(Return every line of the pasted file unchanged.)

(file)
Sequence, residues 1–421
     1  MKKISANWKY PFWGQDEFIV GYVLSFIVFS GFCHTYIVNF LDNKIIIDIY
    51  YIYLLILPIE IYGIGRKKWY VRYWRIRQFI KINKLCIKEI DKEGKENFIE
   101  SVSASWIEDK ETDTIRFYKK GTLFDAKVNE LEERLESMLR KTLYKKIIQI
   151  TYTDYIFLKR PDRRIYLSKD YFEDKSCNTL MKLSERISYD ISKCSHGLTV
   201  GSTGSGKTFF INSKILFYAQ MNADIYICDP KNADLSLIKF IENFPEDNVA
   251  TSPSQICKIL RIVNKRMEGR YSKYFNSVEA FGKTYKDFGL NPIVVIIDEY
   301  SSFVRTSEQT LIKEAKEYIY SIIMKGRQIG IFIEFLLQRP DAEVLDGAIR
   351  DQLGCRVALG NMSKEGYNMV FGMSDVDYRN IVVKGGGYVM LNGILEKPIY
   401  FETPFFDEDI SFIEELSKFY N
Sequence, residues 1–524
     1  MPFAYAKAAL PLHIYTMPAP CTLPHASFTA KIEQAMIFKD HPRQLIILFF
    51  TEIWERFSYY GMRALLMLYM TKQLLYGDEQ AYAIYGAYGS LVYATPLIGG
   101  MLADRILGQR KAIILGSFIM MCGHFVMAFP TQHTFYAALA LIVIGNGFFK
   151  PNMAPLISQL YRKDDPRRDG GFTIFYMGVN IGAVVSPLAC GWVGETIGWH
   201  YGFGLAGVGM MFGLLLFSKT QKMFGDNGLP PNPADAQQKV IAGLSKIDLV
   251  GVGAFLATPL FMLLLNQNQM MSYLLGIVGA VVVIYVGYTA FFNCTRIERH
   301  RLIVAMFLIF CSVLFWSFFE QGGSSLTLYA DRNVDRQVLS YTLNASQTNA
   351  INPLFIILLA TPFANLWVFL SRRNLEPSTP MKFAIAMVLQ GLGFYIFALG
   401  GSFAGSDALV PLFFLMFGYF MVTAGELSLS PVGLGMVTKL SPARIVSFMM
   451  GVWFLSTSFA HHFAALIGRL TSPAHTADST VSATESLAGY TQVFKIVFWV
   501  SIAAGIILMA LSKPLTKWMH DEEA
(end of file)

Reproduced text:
Sequence, residues 1–421
     1  MKKISANWKY PFWGQDEFIV GYVLSFIVFS GFCHTYIVNF LDNKIIIDIY
    51  YIYLLILPIE IYGIGRKKWY VRYWRIRQFI KINKLCIKEI DKEGKENFIE
   101  SVSASWIEDK ETDTIRFYKK GTLFDAKVNE LEERLESMLR KTLYKKIIQI
   151  TYTDYIFLKR PDRRIYLSKD YFEDKSCNTL MKLSERISYD ISKCSHGLTV
   201  GSTGSGKTFF INSKILFYAQ MNADIYICDP KNADLSLIKF IENFPEDNVA
   251  TSPSQICKIL RIVNKRMEGR YSKYFNSVEA FGKTYKDFGL NPIVVIIDEY
   301  SSFVRTSEQT LIKEAKEYIY SIIMKGRQIG IFIEFLLQRP DAEVLDGAIR
   351  DQLGCRVALG NMSKEGYNMV FGMSDVDYRN IVVKGGGYVM LNGILEKPIY
   401  FETPFFDEDI SFIEELSKFY N
Sequence, residues 1–524
     1  MPFAYAKAAL PLHIYTMPAP CTLPHASFTA KIEQAMIFKD HPRQLIILFF
    51  TEIWERFSYY GMRALLMLYM TKQLLYGDEQ AYAIYGAYGS LVYATPLIGG
   101  MLADRILGQR KAIILGSFIM MCGHFVMAFP TQHTFYAALA LIVIGNGFFK
   151  PNMAPLISQL YRKDDPRRDG GFTIFYMGVN IGAVVSPLAC GWVGETIGWH
   201  YGFGLAGVGM MFGLLLFSKT QKMFGDNGLP PNPADAQQKV IAGLSKIDLV
   251  GVGAFLATPL FMLLLNQNQM MSYLLGIVGA VVVIYVGYTA FFNCTRIERH
   301  RLIVAMFLIF CSVLFWSFFE QGGSSLTLYA DRNVDRQVLS YTLNASQTNA
   351  INPLFIILLA TPFANLWVFL SRRNLEPSTP MKFAIAMVLQ GLGFYIFALG
   401  GSFAGSDALV PLFFLMFGYF MVTAGELSLS PVGLGMVTKL SPARIVSFMM
   451  GVWFLSTSFA HHFAALIGRL TSPAHTADST VSATESLAGY TQVFKIVFWV
   501  SIAAGIILMA LSKPLTKWMH DEEA